Turkey has actively, even aggressively, campaigned for the Baku-Ceyhan pipeline. It has fostered better relations with Azerbaijan, Turkmenistan, Georgia, and the oil companies making the decision on the route. Toward the end of 1997, the first Azerbaijani oil was piped through to Novorossiisk, and since then Turkey has increased the pitch of its lobbying. The main components of Turkey’s argument include: Ceyhan’s ability to handle large amounts of oil, the fact that due to environmental and ecological reasons the Bosphorus cannot manage more oil traffic, and playing on the U.S. desire to keep Russia and Iran from any significant control or benefit from oil transport routes.
The Ceyhan terminal, near the Syrian border, was once part of the pipeline network bringing Iraqi oil to the Mediterranean Sea. It is in good working condition and, as Turkish politicians are quick to mention, can handle many times the capacity of Novorossiisk. In addition, and perhaps even more important, Ceyhan is on the warm waters of the Mediterranean, whose mild climate allows year-round operation. Novorossiisk, on the other hand, is located on the Black Sea, where winter weather conditions force its closure for part of the year.(6)
In addition to the benefits of using Ceyhan, Turkey has also pointed out the disadvantages of continuing to use the Bosphorus channel as a primary oil-shipping route. In fact, in recent months Turkey has intensified its negative picture on this point as a way to undermine the arguments of those who want oil piped to Black Sea ports and then through the Turkish Straits.
The Bosphorus flows through the heart of Turkey’s main city, Istanbul, with its population of over 10 million people, presenting a potential ecological nightmare in the case of spills or collisions. As Turkey’s Environment Minister, Imren Aykut, stated, ‘No country has the right to endanger the lives of 10 million people just because it wants to sell oil.'(8)
The Bosphorus is one of the most difficult channels to navigate: its twists include four separate bends requiring vessels to turn at more than a 45 degree angle, and 12 times ships must change course as they wend their way through the passage. Moreover, the channel is already clogged with ships of all shapes and sizes, including ferries connecting the two parts of the city. An estimated 50,000 vessels passed through the Bosphorus last year, 4500 of which were tankers, and this number is increasing at a rate of 15 to 20 percent each year.(7) The number of foreign ships in the passage has increased since 1960 by 150%, and their tonnage by over 400%.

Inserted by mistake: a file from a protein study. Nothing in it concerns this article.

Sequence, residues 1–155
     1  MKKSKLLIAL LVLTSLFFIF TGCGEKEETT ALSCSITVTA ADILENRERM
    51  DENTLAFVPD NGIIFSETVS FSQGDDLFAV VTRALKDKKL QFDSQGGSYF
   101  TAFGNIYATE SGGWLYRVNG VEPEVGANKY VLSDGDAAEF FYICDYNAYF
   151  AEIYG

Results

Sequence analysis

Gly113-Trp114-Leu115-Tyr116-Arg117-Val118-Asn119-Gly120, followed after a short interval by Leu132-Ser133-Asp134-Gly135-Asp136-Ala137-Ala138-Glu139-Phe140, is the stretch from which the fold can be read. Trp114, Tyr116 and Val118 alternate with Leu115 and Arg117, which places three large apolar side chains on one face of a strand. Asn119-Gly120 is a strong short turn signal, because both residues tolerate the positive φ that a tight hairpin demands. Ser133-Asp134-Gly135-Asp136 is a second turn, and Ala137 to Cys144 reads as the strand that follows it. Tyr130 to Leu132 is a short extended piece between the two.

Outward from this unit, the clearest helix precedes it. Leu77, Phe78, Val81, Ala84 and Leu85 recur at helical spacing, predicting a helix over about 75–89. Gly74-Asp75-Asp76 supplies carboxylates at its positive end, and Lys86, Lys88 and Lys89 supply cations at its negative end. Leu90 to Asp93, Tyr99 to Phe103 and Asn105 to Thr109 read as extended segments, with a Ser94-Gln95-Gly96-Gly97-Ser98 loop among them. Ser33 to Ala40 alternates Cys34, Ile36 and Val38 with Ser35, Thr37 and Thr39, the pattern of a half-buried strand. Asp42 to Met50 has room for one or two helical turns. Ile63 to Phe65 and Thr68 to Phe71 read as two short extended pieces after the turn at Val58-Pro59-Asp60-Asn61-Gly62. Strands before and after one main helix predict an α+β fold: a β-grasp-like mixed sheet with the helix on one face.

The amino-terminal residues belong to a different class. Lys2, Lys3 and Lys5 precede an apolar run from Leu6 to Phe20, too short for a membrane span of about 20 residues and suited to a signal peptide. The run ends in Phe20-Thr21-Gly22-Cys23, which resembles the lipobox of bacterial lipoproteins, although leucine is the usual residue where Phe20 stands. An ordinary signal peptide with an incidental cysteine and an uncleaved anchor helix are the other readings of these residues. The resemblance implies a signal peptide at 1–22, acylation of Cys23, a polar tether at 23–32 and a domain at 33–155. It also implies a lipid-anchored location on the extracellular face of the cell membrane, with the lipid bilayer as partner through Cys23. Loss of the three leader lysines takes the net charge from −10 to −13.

A few examples illustrate the hazards posed by the Bosphorus:
Between 1983 and 1993, 167 large-scale accidents occurred in the Straits. A 1979 collision between a Greek and Romanian tanker spilled over 95,500 tons of oil into the water; in 1991, a Lebanese vessel struck a bridge and sank with 20,000 live sheep. In late August 1998 a Greek tanker ran aground, and on October 23, 1998 a Turkish oil tanker collided with a water tanker, although no oil was spilled. These problems demonstrate the dangers posed by over-use of the Bosphorus by larger vessels carrying hazardous cargo.
Frustrated by a lack of understanding from those states using the Bosphorus, Turkey has unilaterally adjusted the shipping rules there, which Russia claims violates the 1936 Montreux Convention.(9) This document has governed the conditions and use of the Turkish Straits and has not been revised to make allowance for changes since then. It grants free passage through the Straits to any ships of any state, regardless of what cargo is carried. In 1994, Turkey enacted regulations that let it limit traffic through the Bosphorus to prevent environmental disasters, arguing that it has the right to issue safety and environmental ordinances for maritime traffic.
Ankara has resorted to veiled threats as well. Using the excuse of the dangerous over-crowding of the Bosphorus to force changes to the rules governing its use, Turkey has attempted to provide such unfavorable circumstances for those ships plying the Straits that the AIOC might consider it too much trouble and opt instead for the Ceyhan terminus. Foreign Minister Ismail Cem was most unequivocal in an October 1998 speech on transporting oil through the Turkish Straits:
‘We warn those who are contemplating such a calculation that they will face serious difficulties in transporting not only existing oil shipments but also future ones through the Turkish Straits starting in the year 1999. To this end, Turkey will start implementing all possible means afforded by international law as well as its own legislation….I would suggest that companies who are in a position to transport their Caspian oil either via the Baku-Ceyhan pipeline or through the Black Sea and the Turkish Straits to take the above-mentioned facts into consideration. Turkey has both a right and the determination to take all necessary measures to protect the ecological system as well as the historic and cultural environment of the Turkish Straits.'(10)